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matically accelerate payments and more effectively manage their fi nancial operations.

While some organizations select tools that lack critical features or functions, others opt for full-service solutions but fail to fully utilize and manage the functionality of the system. For example, billing systems that have features such as date and time-stamp tracking are a necessity because they allow providers to manage and monitor workfl ow and revenue in real time. Without enabling this function, provid- ers cannot accurately document when patients schedule an appointment, when they check in, when insurance is verifi ed, when co-payments are collected, when charges are entered, when payers and patients are billed and when payments are received and posted.

One way for organizations to determine if they are using systems correctly or need to replace or upgrade them is to closely assess and document the capabilities of every appli- cation and the functions they actually are using within each system. As providers implement or upgrade their EHR sys- tems, they should consider what implications these systems will have on the revenue cycle and look for the most robust and fully integrated solution. For instance, ICD-10 will have a huge impact on coders and physician documentation, meaning organizations will have to educate and train both coders and physicians to ensure accurate and timely billing. Additionally, providers need to evaluate if it’s in the best interest of their organization to implement other technol- ogy solutions to help them streamline front-offi ce and RCM operations. For example, tools – such as patient portals and patient kiosks – enable patients to self-register for appoint- ments, update their insurance and demographic information and pay co-payments/co-insurance online, either prior to the visit or at the point of care.

Studying personnel and workfl ow In addition to a review of fi nancial metrics and technology, a comprehensive assessment requires organizations to inter- view and observe staff to map out the workfl ow impacting the entire revenue cycle. It is essential that the assessment includes all constituencies touching the revenue cycle – from front offi ce and billing staff, through clinicians, third-party vendors, fi nancial analysts and managers. These interviews, layered with critical on-site observations, will give organiza- tions invaluable insight by identifying and recommending opportunities for improvement. Two areas that are likely in need of addressing are effort duplication and the transition from manual to more automated workfl ows. An example of duplication of effort is when both a sched- uler and a central business offi ce employee separately verify insurance for the same patient. By assigning the task to a single person and closely managing the results, providers will increase employee productivity and streamline workfl ow. As hospitals and medical groups transition away from manual processes and implement more automated workfl ows,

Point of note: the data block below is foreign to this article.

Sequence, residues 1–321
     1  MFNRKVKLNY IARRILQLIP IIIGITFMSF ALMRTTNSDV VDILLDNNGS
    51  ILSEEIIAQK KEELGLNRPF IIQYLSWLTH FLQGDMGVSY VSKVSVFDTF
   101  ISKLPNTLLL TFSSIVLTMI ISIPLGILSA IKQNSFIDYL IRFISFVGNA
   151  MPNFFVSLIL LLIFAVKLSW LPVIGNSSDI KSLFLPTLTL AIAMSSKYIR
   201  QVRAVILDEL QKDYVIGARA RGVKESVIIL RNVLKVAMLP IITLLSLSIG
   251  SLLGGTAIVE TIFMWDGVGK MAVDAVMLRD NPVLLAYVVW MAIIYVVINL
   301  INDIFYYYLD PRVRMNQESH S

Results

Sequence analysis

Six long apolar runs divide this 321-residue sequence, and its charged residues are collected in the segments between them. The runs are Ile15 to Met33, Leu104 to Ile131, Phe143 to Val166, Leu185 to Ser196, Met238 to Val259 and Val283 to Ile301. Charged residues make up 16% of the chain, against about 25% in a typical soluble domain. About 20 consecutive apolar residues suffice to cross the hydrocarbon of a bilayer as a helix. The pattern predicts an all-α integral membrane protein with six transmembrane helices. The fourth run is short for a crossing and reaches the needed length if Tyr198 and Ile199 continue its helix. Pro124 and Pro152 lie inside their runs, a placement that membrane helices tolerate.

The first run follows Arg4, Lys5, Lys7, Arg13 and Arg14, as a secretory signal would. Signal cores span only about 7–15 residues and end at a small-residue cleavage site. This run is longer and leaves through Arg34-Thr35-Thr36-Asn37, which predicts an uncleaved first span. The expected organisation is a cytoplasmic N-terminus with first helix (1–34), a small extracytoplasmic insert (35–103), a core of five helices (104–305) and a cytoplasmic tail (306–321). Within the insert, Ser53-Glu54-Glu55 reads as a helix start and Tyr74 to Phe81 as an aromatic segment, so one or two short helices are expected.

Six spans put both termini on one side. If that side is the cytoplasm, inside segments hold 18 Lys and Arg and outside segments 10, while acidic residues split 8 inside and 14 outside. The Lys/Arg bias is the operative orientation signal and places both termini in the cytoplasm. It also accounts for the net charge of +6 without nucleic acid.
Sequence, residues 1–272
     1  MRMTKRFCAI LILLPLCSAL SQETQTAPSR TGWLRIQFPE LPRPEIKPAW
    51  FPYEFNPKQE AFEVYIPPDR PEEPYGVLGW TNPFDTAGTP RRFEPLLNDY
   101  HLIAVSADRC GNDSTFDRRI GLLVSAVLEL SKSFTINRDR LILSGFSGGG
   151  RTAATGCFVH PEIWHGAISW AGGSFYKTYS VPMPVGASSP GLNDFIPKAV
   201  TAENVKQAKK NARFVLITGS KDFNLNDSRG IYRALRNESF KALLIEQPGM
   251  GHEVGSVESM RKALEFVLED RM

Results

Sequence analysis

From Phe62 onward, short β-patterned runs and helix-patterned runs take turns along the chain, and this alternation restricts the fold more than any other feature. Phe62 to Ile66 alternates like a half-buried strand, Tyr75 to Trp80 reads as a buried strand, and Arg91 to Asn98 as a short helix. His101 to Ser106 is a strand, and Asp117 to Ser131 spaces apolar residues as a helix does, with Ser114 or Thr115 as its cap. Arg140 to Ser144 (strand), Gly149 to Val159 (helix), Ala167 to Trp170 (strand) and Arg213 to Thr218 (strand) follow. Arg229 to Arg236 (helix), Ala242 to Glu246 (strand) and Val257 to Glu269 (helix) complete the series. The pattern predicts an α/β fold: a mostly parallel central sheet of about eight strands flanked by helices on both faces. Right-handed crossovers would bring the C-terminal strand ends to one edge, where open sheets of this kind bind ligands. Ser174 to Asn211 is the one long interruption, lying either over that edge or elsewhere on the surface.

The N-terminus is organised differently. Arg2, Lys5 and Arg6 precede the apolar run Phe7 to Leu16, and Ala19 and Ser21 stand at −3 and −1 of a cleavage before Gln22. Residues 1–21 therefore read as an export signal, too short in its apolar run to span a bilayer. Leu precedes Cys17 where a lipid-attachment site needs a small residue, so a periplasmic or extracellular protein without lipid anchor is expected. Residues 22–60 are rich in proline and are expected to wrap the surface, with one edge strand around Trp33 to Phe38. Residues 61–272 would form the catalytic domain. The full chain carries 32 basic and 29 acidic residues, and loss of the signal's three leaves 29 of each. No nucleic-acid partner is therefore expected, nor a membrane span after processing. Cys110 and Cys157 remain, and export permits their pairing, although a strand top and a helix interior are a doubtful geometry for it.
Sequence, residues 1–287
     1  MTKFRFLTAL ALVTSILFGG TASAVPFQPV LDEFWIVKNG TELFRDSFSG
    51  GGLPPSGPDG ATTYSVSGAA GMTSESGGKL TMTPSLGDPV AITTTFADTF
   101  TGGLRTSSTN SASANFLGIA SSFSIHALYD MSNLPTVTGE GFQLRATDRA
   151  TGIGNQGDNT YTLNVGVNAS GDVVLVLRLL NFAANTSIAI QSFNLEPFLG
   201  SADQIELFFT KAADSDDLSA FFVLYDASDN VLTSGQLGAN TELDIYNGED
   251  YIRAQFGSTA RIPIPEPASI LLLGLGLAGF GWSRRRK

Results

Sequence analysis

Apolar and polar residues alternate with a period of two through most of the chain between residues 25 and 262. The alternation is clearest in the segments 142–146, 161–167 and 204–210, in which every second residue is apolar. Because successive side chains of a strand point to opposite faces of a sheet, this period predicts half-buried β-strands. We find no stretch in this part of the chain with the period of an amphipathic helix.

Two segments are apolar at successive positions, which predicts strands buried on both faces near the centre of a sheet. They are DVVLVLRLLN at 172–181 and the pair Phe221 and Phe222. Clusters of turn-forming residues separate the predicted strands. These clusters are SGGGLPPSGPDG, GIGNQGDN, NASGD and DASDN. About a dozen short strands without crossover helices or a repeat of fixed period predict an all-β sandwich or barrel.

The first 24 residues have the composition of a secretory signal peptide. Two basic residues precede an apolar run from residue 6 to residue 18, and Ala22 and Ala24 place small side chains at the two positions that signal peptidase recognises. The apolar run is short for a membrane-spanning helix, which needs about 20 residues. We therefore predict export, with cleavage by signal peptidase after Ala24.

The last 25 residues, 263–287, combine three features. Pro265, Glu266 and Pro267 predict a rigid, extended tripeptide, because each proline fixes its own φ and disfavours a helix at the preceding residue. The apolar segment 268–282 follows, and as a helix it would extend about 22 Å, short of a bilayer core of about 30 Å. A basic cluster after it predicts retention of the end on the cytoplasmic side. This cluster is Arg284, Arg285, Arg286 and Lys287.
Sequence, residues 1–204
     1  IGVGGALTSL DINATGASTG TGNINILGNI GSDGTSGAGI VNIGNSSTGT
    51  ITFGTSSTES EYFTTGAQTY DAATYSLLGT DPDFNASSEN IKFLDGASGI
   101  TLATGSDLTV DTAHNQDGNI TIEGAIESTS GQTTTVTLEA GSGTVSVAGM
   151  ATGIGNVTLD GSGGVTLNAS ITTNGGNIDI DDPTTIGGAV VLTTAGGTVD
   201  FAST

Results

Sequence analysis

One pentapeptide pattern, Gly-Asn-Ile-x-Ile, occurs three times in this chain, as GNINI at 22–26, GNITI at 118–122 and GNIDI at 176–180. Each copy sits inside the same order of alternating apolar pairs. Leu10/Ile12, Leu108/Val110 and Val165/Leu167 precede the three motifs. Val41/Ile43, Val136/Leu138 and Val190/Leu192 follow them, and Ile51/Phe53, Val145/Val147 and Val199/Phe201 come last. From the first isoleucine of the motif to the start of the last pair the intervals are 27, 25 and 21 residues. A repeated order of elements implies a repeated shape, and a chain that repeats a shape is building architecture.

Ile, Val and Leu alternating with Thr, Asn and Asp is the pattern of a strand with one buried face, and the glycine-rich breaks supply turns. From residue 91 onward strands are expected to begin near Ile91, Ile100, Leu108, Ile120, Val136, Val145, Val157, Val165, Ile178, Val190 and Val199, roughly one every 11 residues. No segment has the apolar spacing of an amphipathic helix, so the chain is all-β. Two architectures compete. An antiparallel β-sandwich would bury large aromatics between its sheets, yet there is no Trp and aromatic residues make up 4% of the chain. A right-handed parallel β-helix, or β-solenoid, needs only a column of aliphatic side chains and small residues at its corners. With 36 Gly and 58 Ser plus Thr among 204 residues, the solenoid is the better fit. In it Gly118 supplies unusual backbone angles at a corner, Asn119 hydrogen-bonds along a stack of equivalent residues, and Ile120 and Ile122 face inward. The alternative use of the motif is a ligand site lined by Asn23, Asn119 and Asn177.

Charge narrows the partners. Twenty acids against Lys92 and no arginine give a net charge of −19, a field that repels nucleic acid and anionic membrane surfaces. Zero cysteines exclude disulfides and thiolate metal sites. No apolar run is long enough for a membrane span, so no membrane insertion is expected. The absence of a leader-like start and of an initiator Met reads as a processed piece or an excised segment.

they are looking to identify and reduce the prevalence of repetitive tasks. A prime target for automation is work as- signment, which historically has been accomplished verbally or via printed AR reports, and can now be routed electroni- cally to employees through detailed work lists available at the start of their shifts. Organizations can also implement computer-assisted coding (CAC) software to help coders and health information management (HIM) employees meet increased workload demands from ICD-10, which will boost the number of procedure and diagnosis codes from 16,000 to approximately 155,000 codes. CAC software automatically generates codes from electronic physician documentation for coder review and validation, therefore signifi cantly decreas- ing the time and effort required by the staff when manual processes are in place.

Road map to success The fi nal stage of the fi nancial and operational assess- ment involves the development of a road map for action and remediation based on fi ndings. This strategic plan will specify processes, technology systems and job responsibilities of personnel across the revenue cycle. While the road map will vary from hospital to hospital and practice to practice, it should include an educational, communication and outreach plan for employees and physicians.

It is crucial that physicians and registration, billing, coding and HIM employees understand how their roles affect the revenue cycle and, ultimately, contribute to their organiza- tion’s fi nancial health.

Hospital and medical group leadership will also need to clearly demonstrate their commitment to the road map. They can do this by having senior executive management and revenue cycle department directors join project managers to help drive meetings, provide regular updates and quickly address concerns from employees. The process of overhauling the revenue cycle can be chal- lenging because it often involves dramatic changes in culture and workfl ow. But organizations that work proactively and methodically to improve revenue cycle operations from top to bottom will be in the position to accelerate cash fl ow, reallocate FTEs, decrease costs, boost productivity, leverage cutting-edge technology and gain a competitive advantage that will sustain them through the ever-changing dynamics of today’s healthcare industry.


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